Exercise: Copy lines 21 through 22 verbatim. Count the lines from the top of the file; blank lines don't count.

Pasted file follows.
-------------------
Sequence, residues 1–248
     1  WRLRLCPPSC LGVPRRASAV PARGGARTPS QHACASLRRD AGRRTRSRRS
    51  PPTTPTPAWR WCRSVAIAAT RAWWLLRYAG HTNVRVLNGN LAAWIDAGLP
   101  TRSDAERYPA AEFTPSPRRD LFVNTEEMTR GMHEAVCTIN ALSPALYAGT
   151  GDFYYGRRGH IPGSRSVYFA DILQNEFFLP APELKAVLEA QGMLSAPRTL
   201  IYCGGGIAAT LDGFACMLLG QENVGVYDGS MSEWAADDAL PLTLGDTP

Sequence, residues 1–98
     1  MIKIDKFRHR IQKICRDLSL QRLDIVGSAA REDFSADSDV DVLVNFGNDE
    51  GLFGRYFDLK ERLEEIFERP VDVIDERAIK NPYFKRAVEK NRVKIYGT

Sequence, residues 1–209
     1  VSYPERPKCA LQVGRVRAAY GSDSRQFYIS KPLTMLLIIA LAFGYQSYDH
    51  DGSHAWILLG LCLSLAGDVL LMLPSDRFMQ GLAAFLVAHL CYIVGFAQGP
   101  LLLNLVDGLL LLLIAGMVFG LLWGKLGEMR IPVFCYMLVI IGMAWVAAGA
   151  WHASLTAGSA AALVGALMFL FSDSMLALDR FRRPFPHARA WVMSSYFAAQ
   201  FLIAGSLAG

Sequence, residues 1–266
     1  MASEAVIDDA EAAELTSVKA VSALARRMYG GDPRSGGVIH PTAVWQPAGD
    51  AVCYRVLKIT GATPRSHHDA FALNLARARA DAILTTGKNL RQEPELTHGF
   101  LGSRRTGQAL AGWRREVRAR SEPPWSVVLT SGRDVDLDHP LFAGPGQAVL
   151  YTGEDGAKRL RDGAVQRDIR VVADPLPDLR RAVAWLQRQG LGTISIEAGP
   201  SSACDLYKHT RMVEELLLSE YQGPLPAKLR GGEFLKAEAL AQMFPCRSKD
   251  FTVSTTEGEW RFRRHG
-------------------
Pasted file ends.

   201  SSACDLYKHT RMVEELLLSE YQGPLPAKLR GGEFLKAEAL AQMFPCRSKD
   251  FTVSTTEGEW RFRRHG